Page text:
What Does The American Dream Actually Mean To You?

What does the American Dream actually mean to you?

What does the American Dream actually mean to you?
The definition of the American Dream is, “the ideal that every US citizen should have an equal opportunity to achieve success and prosperity through hard work, determination, and initiative.” Back in the 50s and 60s, this looked like owning a home, the man having a blue-collar job, starting a family, and basically the whole white-picket fence phenomenon was born.

Along the way, it evolved into bigger homes, bigger jobs—and women’s push for equal jobs—with huge salaries, the perfect family, owning multiple cars, having a vacation home, buying all the newest tech gear, and much more. The American Dream basically grew into an extremely busy, unrealistic version of what it once was. And I don’t know about you, but I’m exhausted and even a little warped by it.

Don’t get me wrong, I feel grateful every day to have a roof over my head and food in my fridge, but the pressure that society has on us—that gets morphed into pressure we put on ourselves—is just insane. We’re supposed to want all the things that come with 2017’s version of an American Dream, because in our society, that’s what success and happiness supposedly look like.

But the crazy part is, if I look back at everything I have and everything I’m striving for on auto-pilot, a lot of it isn’t necessarily that important to me.

Is having a career that’s go-go-go really how I want to live? Is constantly being at events making me feel happy? Is living in a crowded city with access to everything making my life more fun? Is having all the technology gadgets actually making life easier? Not really. Most of the time, a combination of those things are what’s making me stressed and the opposite of happy. Not to mention it leaves me with constant anxiety to do more, have more, be more.

I’ve been thinking a lot about what the American Dream is, or what MY version of the dream actually looks like. When I think about what is invaluable to me personally—and this is different for everyone—it’s interesting to realize I could have most of those things with a smaller home, in a simpler city, less cars and clothes, and even less of a salary. We’re so wrapped up in a monetary society, but at the end of the day, being happy doesn’t cost a fortune. Yet we’re killing ourselves trying to make one in order to keep up with the Jones’ a.k.a. the American Dream.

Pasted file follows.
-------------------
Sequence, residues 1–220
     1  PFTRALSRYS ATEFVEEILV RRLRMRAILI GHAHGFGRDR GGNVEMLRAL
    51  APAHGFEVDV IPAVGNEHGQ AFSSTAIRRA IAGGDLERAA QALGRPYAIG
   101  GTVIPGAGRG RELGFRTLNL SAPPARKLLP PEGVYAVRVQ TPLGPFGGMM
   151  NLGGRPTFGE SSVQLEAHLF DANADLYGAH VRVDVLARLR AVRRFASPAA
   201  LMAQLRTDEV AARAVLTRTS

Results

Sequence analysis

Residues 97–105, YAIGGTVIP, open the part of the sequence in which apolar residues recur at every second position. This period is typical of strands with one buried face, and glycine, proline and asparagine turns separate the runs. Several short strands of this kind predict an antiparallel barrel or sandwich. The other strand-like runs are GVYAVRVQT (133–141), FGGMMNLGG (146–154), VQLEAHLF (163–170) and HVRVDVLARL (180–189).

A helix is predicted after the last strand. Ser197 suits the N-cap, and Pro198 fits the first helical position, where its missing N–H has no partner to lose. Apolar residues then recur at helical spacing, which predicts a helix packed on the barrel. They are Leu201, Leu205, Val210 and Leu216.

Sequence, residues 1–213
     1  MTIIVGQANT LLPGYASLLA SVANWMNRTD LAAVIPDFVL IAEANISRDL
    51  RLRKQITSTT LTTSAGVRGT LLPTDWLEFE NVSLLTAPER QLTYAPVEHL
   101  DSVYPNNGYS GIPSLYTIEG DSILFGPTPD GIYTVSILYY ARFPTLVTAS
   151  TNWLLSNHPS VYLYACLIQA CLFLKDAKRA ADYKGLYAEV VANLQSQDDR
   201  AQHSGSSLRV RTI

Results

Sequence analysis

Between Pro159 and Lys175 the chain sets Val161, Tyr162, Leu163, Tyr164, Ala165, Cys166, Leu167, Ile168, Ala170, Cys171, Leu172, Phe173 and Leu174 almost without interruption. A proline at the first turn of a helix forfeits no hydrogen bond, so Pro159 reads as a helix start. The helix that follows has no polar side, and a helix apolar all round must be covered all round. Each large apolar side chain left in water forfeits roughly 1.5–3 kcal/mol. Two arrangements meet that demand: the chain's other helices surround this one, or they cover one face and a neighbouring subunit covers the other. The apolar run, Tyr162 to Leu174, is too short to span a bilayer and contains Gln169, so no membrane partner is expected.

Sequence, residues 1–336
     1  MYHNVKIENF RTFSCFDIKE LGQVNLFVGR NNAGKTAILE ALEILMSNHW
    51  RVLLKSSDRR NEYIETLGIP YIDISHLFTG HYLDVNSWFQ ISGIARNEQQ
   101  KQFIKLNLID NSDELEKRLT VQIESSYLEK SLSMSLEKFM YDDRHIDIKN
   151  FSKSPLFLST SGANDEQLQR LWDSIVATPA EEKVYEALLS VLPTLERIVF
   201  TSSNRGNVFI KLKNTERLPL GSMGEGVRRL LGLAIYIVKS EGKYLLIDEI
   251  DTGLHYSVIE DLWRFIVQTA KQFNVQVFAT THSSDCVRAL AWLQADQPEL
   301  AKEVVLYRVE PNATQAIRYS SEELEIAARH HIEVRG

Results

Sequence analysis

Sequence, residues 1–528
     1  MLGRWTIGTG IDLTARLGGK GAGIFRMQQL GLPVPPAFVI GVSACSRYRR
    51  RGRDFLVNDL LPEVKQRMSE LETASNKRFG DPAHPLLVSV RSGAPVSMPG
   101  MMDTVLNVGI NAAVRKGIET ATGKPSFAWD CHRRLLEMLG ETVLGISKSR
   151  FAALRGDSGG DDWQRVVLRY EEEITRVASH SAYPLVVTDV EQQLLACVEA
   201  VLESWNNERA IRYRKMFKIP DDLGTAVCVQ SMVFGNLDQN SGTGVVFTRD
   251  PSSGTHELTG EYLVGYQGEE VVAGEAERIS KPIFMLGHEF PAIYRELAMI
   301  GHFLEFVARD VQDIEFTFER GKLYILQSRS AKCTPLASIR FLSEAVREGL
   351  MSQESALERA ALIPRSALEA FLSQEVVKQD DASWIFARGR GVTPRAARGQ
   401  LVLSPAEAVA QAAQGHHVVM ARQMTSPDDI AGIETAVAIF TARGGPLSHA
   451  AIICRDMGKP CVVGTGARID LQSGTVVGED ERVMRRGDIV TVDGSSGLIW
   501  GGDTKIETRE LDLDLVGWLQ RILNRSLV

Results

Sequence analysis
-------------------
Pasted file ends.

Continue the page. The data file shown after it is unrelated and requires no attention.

Do you agree? If you’re feeling similar, I urge you to take time to see what’s really essential to you—and your family if you have one. At the end of the day, do you NEED everything you think you do? Or is the thought of simpler living on your mind? What’s actually crucial to your personal happiness?

I’m not sure how this will play out for me—maybe a switch in location eventually, something simpler?—but either way, I wanted to open up this topic for conversation. I’ll definitely be sharing future thoughts and diving deeper into this subject shortly.

I’d love to hear how you feel about the American Dream and what it personally means to you. Or, if you have made the change to a simpler life, I’d be so interested in hearing how it feels.

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10 comments

  1. I’m so over it. I live in NY and at times I feel so overwhelmed to look good and make lots of money and live in expensive apartments, or your life sucks. Once I did a mental check and stopped putting that pressure on myself, a weight lifted off me.

  2. This is why I moved to New Orleans. And I still get crap for it every day that I ‘should’ be following the rat race of events and go go go and that any failure is bc I’m not in New York or La. which I honestly call BS on. Im sure you will find your happy and I’m all for big changes and simpler dreams. Happiness is key! Follow your heart and take risks. It always leads us to where we are supposed to be <3

  3. we watched the documentary “Minimalism” over the weekend and it touched on this idea quite a bit. for us the idea of the American dream has evolved and we’ve decided to take steps to make our version of this dream happen. it means a lot less of the things our society deems as markers of success but honestly we are ok with that. for me personally, I began to feel a big shift in consciousness post-election. I couldn’t continue on living in a closed bubble that lacked diversity, personal happiness and a false sense of security.

  4. I stopped working too much a few years ago, had less money so I sold all my luxury stuff that seemed to me only as ballast.I asked myself I am this person who is working so much to buy this stuff to show other people how much I am working?
    I was unsatisfied. I bought a second hand SUP board and I am leaving the city at fridays with my dog. I collect memories and not stuff. I meet with people, take care for myself and enjoy my life without beeing stressed to take care of – my big home – my car – my luxury stuff, because there isn´t. And now I feel free.
    In germany there is a saying:possession posseses (don´t know if that´s right in english).But that kinda worked for me.
    A good book I read is Bea Johnson: Zero waste home.
    That´s the next goal I am going for.

  5. I can relate totally! sometimes I wish that I could live in the mountains like Heidi, with goats, nature and enjoying the simple gifts of god and nature.

  6. Canadian here. To me, it’s interesting how the American Dream has increasingly become wrapped up in material goods and external signals of wealth and status when its origins came from a very pure place, i.e. the humanistic ideals set out in the Constitution and the Declaration of Independence. If you’ve ever seen Michael Moore’s Where to Invade Next, the film makes that point very eloquently—somewhere along the way, many Americans seem to have lost the plot.

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